An open study on the efficacy and safety of transurethral needle ablation of the prostate in treating symptomatic benign prostatic hyperplasia: the University of Florida experience

S A Kahn, P Alphonse, A Tewari, P Narayan
Journal of Urology 1998, 160 (5): 1695-700

PURPOSE: We determine the safety and efficacy of transurethral needle ablation of the prostate in patients with moderate to severe symptoms of benign prostatic hyperplasia.

MATERIALS AND METHODS: Transurethral needle ablation of the prostate was performed on 45 consecutive patients. For an average prostate of 2.5 to 3 cm. long treatments were performed in 2 separate planes at 4 quadrants (2, 4, 8 and 10 o'clock positions) each. The 2 planes were 1 cm. below the bladder neck and 1 cm. proximal to the verumontanum. For prostatic urethral lengths longer than 3 cm. a treatment plane was added for each additional centimeter of prostatic urethra. The procedure was performed in 26 patients under local anesthesia using 20 cc 2% intraurethral lidocaine gel (11) or supplemented with intravenous 1.25 to 5 mg. midozolam (15). Of these patients 2 had a supplemental perineal block using a mixture of equal amounts of 15 cc 2% lidocaine without epinephrine and 0.25% bripivacaine, 10 underwent the procedure under general anesthesia, 2 had epidural and 4 had spinal anesthesia, and 3 had managed anesthesia care. Mean length of each procedure was 79 minutes (range 50 to 240). All procedures were done on an outpatient basis and patients were released on the same operative day.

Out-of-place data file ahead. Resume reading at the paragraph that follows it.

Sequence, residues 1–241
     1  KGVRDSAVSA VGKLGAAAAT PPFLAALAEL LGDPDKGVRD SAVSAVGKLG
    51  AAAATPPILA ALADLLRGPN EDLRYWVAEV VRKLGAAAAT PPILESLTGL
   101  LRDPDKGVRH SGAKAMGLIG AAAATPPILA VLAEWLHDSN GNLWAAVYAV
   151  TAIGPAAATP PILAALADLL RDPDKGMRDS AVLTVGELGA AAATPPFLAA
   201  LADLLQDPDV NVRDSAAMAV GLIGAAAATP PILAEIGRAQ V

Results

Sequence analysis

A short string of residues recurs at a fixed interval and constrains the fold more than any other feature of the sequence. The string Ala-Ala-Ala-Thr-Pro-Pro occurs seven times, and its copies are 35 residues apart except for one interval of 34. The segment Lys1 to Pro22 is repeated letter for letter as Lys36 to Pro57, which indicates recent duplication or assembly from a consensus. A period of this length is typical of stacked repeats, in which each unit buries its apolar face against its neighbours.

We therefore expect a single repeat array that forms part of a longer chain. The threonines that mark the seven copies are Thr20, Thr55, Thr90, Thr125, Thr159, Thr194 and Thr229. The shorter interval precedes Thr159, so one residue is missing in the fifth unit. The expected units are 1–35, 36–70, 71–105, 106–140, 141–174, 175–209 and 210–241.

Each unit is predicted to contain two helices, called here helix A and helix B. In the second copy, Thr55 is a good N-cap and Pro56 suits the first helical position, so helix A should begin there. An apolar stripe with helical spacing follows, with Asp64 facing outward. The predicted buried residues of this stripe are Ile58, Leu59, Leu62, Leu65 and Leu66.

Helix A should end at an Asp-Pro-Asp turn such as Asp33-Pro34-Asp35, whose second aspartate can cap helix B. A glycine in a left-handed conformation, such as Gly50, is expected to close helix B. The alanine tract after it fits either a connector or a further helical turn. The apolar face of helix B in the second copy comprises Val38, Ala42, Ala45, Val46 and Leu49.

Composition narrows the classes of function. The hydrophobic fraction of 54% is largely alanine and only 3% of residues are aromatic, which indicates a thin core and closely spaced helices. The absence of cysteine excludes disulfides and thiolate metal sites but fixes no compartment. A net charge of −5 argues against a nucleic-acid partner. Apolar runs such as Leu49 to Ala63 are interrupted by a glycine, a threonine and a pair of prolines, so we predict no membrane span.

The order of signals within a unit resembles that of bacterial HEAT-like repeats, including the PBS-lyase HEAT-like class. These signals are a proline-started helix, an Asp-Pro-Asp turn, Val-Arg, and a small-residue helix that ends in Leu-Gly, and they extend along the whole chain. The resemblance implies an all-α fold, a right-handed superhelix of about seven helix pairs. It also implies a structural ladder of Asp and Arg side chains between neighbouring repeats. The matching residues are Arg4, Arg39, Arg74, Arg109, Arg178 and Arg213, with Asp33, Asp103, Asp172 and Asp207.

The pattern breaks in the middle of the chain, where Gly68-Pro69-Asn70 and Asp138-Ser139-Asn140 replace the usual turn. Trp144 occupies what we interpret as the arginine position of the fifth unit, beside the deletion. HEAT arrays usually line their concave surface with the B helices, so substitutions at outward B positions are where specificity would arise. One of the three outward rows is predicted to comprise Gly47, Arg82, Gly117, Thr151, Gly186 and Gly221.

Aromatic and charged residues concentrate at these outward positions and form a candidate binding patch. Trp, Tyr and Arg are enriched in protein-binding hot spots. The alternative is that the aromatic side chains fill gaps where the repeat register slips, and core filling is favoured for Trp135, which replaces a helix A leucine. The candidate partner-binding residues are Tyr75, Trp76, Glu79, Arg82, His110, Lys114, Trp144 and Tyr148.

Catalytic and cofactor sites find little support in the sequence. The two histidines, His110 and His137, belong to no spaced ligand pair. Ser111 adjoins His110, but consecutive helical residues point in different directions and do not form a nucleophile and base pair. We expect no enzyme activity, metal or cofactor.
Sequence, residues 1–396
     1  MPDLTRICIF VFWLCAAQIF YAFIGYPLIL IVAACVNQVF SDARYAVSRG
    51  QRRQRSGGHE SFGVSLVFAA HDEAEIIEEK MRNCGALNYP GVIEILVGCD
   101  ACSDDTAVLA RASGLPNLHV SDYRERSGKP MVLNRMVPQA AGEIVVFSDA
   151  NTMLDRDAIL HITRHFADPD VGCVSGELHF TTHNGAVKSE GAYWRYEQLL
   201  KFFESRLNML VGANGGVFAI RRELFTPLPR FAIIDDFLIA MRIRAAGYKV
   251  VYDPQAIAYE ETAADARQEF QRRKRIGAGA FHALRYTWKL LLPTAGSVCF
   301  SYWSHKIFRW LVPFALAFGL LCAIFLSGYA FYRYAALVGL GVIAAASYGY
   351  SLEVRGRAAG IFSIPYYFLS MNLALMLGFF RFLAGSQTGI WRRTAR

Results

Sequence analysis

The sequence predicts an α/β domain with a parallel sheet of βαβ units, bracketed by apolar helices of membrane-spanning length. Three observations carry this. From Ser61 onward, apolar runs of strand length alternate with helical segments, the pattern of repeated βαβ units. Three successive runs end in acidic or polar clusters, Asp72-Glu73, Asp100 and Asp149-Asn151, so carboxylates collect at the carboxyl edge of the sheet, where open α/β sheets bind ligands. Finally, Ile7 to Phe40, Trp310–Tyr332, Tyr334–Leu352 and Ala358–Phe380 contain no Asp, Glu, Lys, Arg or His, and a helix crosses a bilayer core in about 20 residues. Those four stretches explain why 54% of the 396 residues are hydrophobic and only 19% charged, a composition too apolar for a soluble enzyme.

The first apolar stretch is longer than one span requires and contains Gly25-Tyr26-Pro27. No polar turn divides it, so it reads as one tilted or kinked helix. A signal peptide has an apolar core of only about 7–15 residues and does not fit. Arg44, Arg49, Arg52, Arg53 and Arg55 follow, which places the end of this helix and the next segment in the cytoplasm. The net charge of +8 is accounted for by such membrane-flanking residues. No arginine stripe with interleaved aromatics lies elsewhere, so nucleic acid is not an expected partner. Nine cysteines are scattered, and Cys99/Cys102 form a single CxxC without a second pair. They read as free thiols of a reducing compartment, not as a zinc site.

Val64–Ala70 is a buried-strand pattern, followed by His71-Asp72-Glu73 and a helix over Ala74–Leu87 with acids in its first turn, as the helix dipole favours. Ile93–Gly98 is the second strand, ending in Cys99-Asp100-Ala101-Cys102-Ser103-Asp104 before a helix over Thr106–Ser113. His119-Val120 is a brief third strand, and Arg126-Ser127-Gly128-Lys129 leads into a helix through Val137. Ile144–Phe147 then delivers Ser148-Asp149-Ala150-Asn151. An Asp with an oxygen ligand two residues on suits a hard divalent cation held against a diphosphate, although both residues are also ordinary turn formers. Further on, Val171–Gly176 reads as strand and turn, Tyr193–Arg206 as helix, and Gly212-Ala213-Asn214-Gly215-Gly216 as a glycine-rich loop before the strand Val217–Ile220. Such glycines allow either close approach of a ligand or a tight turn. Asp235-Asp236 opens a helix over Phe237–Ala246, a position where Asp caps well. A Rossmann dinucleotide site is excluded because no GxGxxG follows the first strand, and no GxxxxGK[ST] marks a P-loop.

RESULTS: Mean prostatic volume on transrectal ultrasound was estimated at 48.1 cc (range 20 to 185). Following treatment the International Prostate Symptom Score decreased from a mean of 20.9 at baseline to 15.4 at 1 month, 16.1 at 3 months, 10.7 at 6 months and 9.9 at 1 year. The peak flow rate improved from a baseline mean of 8.3 to 13.4 at 3 months, 13.1 at 6 months and 14.9 at 1 year. The quality of life score improved from a baseline of 4.8 to 3.5, 2.2, 2.5 and 1.03 at 1, 3, 6 and 12 months, respectively. Of the 2 patients in whom the procedure failed; 1 required a bladder neck incision at 3 months and the other transurethral resection of the prostate. Foley catheters were left in place in all patients for an average of 4.85 days.

CONCLUSIONS: After a followup of up to 12 months we conclude that transurethral needle ablation of the prostate is an effective treatment for symptomatic benign prostatic hyperplasia. This procedure has minimal morbidity, is less costly than conventional transurethral resection of the prostate and can be performed as an outpatient office procedure under local anesthesia in a significant number of patients.

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